With your permission, Mr Speaker, I will answer questions 4 and 6 together.
Invest Northern Ireland is committed to increasing the level of female entrepreneurship in Northern Ireland. The agency’s Go For It campaign, its enterprise and education programmes and the Investing in Women programme all seek to encourage more women in Northern Ireland to start businesses or grow their existing businesses.
Investing in Women provides awareness programmes, role model promotion and sponsorship of conferences and events, in which more 4,000 women a year are engaged. Additionally, a further 16,000 young women are involved in various enterprise and education programmes. The women’s enterprise taskforce was announced in February 2007 by Margaret Hodge, the then Minister of State for Industry and the Regions. The taskforce aims to increase the quality and quantity of women’s enterprise across the UK over a three-year period.
Northern Ireland is represented on the taskforce by the vice chairperson of Invest Northern Ireland. Over the period 2002-07, the proportion of female-driven start-up businesses supported by Invest Northern Ireland’s Start a Business Programme, to which we have just referred, increased from 35% to 47%, which is very encouraging, as I am sure Members will agree.
I am happy to confirm that the Department proposes to transfer both the initiative and the budget associated with it to the new councils, as Members who are involved in local government will be glad to hear. It is an important programme that focuses on supporting women starting businesses that operate primarily in the local market. Therefore, it is entirely correct and appropriate that that should transfer to the remit of local authorities. The Department continues to engage in research into female entrepreneurship. There has been and continues to be research into how women who are already in established businesses may develop their businesses further. I have been encouraged by the increase in the number of women who are starting up businesses; this must be promoted even more in the future.
I thank the Minister for his reply, which addresses an important issue. Northern Ireland is eleventh in 12 United Kingdom regions where women are involved in early-stage entrepreneurial activity, and we must improve on that. With that in mind, is the Minister satisfied that enough is being done in schools to ensure that teachers have the knowledge to talk to children about becoming involved in the business world? I realise that that is a cross-cutting matter.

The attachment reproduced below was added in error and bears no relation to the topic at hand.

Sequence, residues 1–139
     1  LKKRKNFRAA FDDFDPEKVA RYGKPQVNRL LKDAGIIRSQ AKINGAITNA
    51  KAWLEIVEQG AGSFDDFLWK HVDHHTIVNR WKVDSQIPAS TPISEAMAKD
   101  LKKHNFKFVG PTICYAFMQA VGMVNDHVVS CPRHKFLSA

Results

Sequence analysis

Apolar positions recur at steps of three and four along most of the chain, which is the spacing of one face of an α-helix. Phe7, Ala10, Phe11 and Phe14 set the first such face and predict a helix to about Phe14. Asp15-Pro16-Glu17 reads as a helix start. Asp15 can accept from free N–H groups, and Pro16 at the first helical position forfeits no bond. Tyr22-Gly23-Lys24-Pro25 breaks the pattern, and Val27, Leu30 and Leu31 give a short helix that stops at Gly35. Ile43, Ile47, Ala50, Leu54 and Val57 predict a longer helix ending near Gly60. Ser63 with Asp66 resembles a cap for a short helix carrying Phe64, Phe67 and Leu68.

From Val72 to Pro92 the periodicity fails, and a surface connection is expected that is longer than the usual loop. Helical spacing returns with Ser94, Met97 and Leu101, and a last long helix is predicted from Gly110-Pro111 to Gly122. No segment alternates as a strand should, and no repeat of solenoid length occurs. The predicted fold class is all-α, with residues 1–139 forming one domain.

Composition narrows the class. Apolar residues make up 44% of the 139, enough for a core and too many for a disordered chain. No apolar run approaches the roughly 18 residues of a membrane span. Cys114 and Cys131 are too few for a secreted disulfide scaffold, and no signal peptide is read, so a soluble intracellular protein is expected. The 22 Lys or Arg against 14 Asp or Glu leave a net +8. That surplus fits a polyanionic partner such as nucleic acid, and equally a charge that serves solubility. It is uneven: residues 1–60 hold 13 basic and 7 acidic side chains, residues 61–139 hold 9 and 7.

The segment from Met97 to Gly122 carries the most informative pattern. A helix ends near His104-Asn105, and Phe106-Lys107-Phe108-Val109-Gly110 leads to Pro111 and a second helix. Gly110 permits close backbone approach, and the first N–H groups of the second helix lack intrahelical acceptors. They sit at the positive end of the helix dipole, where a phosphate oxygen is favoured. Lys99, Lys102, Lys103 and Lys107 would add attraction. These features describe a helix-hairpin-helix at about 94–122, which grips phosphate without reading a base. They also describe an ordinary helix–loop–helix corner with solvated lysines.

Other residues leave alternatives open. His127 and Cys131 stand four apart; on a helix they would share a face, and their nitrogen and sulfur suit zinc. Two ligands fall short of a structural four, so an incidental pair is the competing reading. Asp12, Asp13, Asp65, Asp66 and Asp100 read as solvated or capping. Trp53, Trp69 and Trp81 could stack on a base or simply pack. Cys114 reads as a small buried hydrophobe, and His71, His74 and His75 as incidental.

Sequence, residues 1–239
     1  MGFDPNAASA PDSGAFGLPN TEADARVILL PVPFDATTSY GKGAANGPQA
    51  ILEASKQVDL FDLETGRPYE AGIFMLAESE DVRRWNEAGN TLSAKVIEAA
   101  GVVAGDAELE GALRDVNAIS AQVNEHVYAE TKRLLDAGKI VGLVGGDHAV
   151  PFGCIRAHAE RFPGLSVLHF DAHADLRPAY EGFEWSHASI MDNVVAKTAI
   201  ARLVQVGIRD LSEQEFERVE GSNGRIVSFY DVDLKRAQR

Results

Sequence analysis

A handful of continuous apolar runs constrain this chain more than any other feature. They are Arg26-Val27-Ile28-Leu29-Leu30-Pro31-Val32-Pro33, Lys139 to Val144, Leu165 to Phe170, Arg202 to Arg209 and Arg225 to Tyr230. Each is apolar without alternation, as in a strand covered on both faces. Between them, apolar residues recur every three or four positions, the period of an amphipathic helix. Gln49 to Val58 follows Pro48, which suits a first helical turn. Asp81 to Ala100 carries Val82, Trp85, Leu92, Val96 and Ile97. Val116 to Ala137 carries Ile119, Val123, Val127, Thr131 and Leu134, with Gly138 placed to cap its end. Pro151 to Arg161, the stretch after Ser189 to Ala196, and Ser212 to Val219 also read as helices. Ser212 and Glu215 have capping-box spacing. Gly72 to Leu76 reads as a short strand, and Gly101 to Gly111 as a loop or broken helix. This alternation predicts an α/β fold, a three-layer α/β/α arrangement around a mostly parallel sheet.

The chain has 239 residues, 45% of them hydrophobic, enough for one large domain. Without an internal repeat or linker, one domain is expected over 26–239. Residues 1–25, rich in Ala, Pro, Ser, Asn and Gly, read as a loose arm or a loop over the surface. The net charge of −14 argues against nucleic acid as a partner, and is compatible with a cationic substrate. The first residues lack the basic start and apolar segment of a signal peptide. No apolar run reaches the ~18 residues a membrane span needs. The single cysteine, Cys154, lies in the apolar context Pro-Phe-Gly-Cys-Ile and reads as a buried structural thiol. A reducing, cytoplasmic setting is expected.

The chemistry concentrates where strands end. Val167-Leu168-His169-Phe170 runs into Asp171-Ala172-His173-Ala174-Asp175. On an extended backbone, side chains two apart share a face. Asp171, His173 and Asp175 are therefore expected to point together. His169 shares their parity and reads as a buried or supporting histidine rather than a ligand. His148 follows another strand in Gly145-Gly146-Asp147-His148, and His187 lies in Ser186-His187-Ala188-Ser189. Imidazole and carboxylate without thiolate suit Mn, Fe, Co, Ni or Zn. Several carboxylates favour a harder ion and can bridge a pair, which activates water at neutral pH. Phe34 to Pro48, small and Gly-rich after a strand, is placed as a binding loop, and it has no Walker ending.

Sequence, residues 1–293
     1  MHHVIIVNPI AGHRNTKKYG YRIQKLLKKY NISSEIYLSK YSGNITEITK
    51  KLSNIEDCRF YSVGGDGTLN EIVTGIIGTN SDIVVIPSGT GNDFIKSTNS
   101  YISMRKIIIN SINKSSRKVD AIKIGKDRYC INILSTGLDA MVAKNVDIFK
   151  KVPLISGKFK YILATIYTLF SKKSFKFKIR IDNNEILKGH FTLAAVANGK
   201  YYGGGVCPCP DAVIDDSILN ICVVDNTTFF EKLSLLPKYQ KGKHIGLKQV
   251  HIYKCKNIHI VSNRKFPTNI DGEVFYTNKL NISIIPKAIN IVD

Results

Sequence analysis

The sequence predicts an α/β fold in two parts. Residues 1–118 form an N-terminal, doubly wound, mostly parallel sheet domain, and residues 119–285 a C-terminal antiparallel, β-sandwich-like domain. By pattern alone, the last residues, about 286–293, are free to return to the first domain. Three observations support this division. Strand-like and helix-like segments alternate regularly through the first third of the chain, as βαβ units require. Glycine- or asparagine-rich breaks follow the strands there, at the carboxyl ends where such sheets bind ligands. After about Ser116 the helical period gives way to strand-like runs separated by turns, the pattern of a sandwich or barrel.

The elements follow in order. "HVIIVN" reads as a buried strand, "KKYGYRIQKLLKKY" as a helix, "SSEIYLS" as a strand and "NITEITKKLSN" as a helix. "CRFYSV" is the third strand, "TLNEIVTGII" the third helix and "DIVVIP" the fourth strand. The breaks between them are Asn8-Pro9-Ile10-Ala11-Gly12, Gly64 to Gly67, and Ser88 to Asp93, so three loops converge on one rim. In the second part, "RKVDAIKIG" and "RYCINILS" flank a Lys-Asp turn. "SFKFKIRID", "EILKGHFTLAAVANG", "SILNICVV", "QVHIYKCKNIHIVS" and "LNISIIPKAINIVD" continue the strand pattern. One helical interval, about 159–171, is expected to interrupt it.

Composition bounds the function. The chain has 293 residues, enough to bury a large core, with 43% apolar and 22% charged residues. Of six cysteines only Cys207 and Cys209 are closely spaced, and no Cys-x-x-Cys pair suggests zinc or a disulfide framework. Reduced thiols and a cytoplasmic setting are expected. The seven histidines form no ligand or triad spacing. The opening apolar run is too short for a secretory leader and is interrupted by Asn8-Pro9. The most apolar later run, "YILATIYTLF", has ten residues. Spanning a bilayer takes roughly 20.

The Member has touched on an issue that we discussed earlier in Question Time in relation to STEM subjects. The matter is cross-cutting in the sense that career advice and the encouragement of entrepreneurship in schools is primarily a matter for the Department of Education; however, it is cross-cutting as it impinges on the work of the Department for Employment and Learning and of my Department.
We must give careers advice in schools — for which a new strategy is being devised — much greater emphasis than heretofore; we need to invest in up-to-date information and proper research for careers guidance. If we do not, we will fail our children; stereotypes will continue, and kids will go into professions and follow courses because of tradition. We must present them with the opportunities of the global economy. Those who encourage women into business or who encourage people into science, technology, engineering and maths, for example, must make clear the tremendous opportunities available in business and entrepreneurial activity.
Go raibh maith agat, a Cheann Comhairle. I thank the Minister for his answers to both questions, which are encouraging to women. Given that the Minister has accepted that women are under-represented in business, has he or have his officials had discussions with the Minister for Employment and Learning to ensure that women are offered the correct courses so that they are better equipped to set up their own businesses?
I thank the Member for her comments. I assure her that my Department works closely with the Department for Employment and Learning. In general, it is vital that my Department has a good relationship with that Department on skills and so on. I will certainly ensure that the areas to which the Member referred will continue to be explored with the Department for Employment and Learning. She is correct to put emphasis on that and can be assured of my support for it.
Will the Minister tell the House how many women were in receipt of grants to help with business start-ups during the previous financial year? Will he indicate whether he has met with the Women in Business network recently? They are concerned about their ability to tender for public procurement.
I assure the Member that I will provide the specific information that she has requested for the previous financial year as soon as possible. I will write to her and will, obviously, share that information with the House. I have met several people with regard to the general issue that the Member has raised and I am aware of the concerns that exist. She can be assured that the Department is examining the issue. I will write to her with the information that she requests.